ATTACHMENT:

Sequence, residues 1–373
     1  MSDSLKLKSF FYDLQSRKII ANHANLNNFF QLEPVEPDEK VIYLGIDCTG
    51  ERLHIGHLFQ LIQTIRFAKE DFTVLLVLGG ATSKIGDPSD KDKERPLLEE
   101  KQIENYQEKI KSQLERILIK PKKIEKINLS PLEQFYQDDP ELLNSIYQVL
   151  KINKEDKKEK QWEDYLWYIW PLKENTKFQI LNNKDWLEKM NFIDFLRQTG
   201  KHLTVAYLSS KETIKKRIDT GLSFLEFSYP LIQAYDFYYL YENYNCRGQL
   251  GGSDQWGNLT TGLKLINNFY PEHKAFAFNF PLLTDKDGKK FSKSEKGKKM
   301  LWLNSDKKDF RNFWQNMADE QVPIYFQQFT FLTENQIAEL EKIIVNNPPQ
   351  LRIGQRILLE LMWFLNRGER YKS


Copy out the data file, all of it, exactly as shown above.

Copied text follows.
Sequence, residues 1–373
     1  MSDSLKLKSF FYDLQSRKII ANHANLNNFF QLEPVEPDEK VIYLGIDCTG
    51  ERLHIGHLFQ LIQTIRFAKE DFTVLLVLGG ATSKIGDPSD KDKERPLLEE
   101  KQIENYQEKI KSQLERILIK PKKIEKINLS PLEQFYQDDP ELLNSIYQVL
   151  KINKEDKKEK QWEDYLWYIW PLKENTKFQI LNNKDWLEKM NFIDFLRQTG
   201  KHLTVAYLSS KETIKKRIDT GLSFLEFSYP LIQAYDFYYL YENYNCRGQL
   251  GGSDQWGNLT TGLKLINNFY PEHKAFAFNF PLLTDKDGKK FSKSEKGKKM
   301  LWLNSDKKDF RNFWQNMADE QVPIYFQQFT FLTENQIAEL EKIIVNNPPQ
   351  LRIGQRILLE LMWFLNRGER YKS